Because keeping the correct tire pressure is absolutely vital to minivans to protect against rollovers and reduced fuel mileage an optional air pressure monitoring devise is worthwhile.
Since rollovers are one of the leading causes of injury in SUVs and minivans it is important to consider the government ratings. According to www.safercar.gov for 2005 models (the latest available) all of the vans we tested were classified as “no tip.” Based on statistical data the percentage of possibility of rollovers for the vans was 12 percent for the Nissan Quest; 14 percent for the Honda; 15 percent for the Kia and Sienna; and 17 percent for the Town and Country. To give you an idea of how much safer these vans are than most SUVs here are some rollover percentages for some popular sports utility models: Ford Explorer Sport Trac, 34 percent; Chevrolet Tahoe, 28 percent, Jeep Liberty, 24 percent, Cadillac Escalade, 24 percent, Hyundai Santa Fe, 20 percent; Honda CRV, 19 percent. Almost without exception a minivan is safer than a SUV.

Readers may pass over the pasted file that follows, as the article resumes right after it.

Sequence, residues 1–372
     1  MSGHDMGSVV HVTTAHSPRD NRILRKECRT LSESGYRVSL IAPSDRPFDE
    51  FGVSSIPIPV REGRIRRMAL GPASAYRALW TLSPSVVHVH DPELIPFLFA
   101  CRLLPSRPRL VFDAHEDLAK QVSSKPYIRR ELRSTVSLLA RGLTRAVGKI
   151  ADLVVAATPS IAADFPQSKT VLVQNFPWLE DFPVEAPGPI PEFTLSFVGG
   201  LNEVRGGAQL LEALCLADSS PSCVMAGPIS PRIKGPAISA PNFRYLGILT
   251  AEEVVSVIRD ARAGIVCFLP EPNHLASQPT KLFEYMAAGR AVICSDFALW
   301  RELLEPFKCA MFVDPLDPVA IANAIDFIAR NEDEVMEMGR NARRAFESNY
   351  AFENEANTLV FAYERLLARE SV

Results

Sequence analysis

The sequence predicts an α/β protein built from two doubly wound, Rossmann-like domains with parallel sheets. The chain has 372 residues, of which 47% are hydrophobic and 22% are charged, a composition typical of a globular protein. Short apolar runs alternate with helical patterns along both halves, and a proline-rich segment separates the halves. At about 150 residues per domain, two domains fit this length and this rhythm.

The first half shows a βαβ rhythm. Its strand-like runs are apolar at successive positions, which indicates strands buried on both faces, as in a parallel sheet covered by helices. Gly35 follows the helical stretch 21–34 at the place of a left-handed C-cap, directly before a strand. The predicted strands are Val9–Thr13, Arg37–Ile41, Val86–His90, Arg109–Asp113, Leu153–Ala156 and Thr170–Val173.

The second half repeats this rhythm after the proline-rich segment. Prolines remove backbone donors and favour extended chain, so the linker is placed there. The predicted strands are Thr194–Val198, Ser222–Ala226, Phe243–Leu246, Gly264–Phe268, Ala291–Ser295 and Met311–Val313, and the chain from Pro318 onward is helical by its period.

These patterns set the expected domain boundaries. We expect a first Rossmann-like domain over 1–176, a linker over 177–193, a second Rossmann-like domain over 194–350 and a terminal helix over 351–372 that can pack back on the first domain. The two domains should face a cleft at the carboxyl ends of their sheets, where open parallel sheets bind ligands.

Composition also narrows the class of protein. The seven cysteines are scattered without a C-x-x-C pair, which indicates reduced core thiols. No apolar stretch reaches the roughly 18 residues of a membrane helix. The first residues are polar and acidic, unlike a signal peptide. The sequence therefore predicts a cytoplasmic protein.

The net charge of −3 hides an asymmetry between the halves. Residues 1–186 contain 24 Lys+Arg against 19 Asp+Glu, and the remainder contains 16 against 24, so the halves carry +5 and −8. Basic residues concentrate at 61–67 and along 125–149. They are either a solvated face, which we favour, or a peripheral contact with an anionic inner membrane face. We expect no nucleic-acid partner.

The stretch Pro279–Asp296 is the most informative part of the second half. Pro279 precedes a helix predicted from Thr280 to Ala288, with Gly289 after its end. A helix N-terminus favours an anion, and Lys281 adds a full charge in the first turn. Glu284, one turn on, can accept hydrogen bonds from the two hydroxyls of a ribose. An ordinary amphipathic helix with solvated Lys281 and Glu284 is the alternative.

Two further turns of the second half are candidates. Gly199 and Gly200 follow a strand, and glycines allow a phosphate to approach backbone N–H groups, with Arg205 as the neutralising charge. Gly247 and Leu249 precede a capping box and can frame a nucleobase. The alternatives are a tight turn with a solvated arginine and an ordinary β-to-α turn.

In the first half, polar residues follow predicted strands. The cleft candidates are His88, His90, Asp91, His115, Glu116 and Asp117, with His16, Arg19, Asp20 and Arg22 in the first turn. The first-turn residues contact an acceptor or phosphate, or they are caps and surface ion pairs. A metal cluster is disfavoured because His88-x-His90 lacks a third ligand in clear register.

Once on the road there are four tests you need to perform. First, see how well you can park it in a tight space such as at a shopping center. Next, what can you see when backing up? If you have a large blind spot consider the optional rear camera offered on some models. Thirdly, check to make sure it accelerates well enough for you with the family onboard. These vans can be spunky with a light load, but they’re engines are down on torque and so when loaded they tend to waddle. Finally, see how well they stop. Do you like the feel of the brake pedal? Does the van stop straight?
Finally, make sure that the adults in the family are capable of removing and/or folding the rear seats should it be required. The second row seats can be very heavy and difficult to take out and the reach to fold the back seat into the floor may be too much for some. Vehicles like the Town and Country make this procedure easier than others, but all of them require more strength than expected due to the fact that the seats have to be pulled up and out of the van. Some of these weigh well over 30 pounds.